The pandemic has made visible long-standing and systemic problems in the Canadian healthcare system. It is a publicly funded system, valued and paid for by taxpayers, and part of the Canadian cultural identity. It is also a system that seeks to contain costs and this has been a feature of health policy ever since healthcare budgets threatened to dwarf funding for other vital social and government departments that also contribute to the health of the population. Of less interest, perhaps, has been the need for substantial reform of the healthcare system to achieve better return on investment for Canadians.
The result for policy makers has been to focus on cost containment rather than real reform – although there have been isolated and uncoordinated efforts to shift the healthcare system from one which focuses on illness to one that addresses primary care, health promotion and illness prevention. The first (cost containment) is much easier to achieve than reform in the short term and governments always think in the short term. There is little public support for real reform and many stake holders and the system are resistant to change.
It is in this context that the nursing profession has found itself on the receiving end of the cost containment agenda. Nurses comprise the largest national healthcare workforce – 439, 975 regulated nurses in 2019 (RNs, LPNs and registered psychiatric nurses in western Canada) plus a large number of technical, unregulated assistive personnel for whom we have inadequate statistics. Nursing personnel work continuously around the clock, all week, where most other healthcare providers deliver episodic care – mostly on a regular work week schedule. Outside of regular business hours, it is nurses who implement and monitor the plan of care for themselves and for other team members. Nursing care is therefore a core business line and costly, but most decision makers have no idea what nursing care actually consists of or what value proposition it holds for the system. Generally, human beings protect their self-concept by failing to imagine themselves as ever needing nursing care – they reject being that dependent. In media representations, nurses may be either absent or static, with machines apparently providing the essential monitoring. Most nursing care is designed to detect potential problems and prevent them, so success means that the work is largely invisible. In our payment system, nurses who work in institutional care settings are included in the cost of a “bed” along with the housekeeping and other overhead costs. If these costs go up, there is more pressure on nursing costs. Further, the public may think that all that is needed is the “bed” and a ventilator; they do not always recognize that nursing care is the essential ingredient in achieving positive outcomes.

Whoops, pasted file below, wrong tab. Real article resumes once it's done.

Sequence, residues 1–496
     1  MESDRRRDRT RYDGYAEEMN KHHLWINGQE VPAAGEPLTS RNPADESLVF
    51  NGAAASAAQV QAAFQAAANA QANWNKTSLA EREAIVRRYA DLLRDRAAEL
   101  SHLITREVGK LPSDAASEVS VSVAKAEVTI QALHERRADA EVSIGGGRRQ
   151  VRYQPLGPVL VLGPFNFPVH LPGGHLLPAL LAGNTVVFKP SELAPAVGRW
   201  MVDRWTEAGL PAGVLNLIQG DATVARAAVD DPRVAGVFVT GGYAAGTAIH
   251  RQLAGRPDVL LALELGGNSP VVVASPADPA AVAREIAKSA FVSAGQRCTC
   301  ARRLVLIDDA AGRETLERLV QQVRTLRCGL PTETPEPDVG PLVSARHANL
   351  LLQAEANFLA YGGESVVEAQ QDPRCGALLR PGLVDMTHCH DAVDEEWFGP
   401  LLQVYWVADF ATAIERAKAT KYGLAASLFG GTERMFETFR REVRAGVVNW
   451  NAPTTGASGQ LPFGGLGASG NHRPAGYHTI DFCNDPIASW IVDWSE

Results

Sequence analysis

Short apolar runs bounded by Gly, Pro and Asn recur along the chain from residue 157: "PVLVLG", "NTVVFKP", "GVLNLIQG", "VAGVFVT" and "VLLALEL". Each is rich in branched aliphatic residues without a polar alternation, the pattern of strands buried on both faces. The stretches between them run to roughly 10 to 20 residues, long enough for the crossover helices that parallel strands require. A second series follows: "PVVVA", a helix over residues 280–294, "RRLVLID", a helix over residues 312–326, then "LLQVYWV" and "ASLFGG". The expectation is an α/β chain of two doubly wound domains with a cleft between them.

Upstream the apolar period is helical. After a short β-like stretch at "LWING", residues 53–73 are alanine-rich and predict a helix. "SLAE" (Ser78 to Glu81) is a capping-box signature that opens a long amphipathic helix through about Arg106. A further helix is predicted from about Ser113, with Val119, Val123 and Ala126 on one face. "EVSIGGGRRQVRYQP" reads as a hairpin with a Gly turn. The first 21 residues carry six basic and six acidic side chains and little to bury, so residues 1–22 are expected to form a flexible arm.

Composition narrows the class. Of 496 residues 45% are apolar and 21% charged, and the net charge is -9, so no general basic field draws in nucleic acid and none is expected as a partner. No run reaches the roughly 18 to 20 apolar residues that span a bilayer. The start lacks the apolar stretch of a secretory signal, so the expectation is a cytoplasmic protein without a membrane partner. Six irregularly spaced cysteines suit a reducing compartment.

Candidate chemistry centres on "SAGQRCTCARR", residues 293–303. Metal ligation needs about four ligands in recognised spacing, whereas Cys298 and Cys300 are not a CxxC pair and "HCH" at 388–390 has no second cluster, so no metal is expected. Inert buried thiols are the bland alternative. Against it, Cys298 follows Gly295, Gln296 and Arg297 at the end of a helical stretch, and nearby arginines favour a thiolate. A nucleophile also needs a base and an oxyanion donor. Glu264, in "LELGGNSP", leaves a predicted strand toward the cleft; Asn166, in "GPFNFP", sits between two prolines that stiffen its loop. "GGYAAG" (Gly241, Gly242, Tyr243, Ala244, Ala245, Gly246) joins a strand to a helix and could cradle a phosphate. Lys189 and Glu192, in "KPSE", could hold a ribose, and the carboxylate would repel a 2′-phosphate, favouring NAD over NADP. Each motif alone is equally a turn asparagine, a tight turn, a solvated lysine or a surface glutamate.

For the last two decades, nurses have been bearing a disproportionate burden for cost containment. Lower reimbursements and higher acuity of patients and residents (and increased competition in for-profit sectors like long term care and home care) have led many employers to reduce nurse staffing; maintain historical workloads; and alter staff mix as a means to balance budgets. This is because nurse staffing costs (wages and benefits) make up a substantial proportion of organizational costs. This is not surprising since the reason people are admitted to any institution for care is because they need nursing care. Otherwise, they would be somewhere else recovering from their illness, injury or surgical procedure. Nursing cost containment has had negative impacts on the work environment. Nurses are typically not replaced for absences such as illness, leaving colleagues to pick up the slack and work short. Nurses can be required to care for too many patients and work overtime when staffing is not adequate. They may be threatened with being reported to their professional regulator if they refuse. This can mean working 4, 8 or even 12 hours more after a 12-hour shift. For a human service that demands intense emotional, physical and intellectual work, the risk of error due to fatigue, and serious consequences, is so great.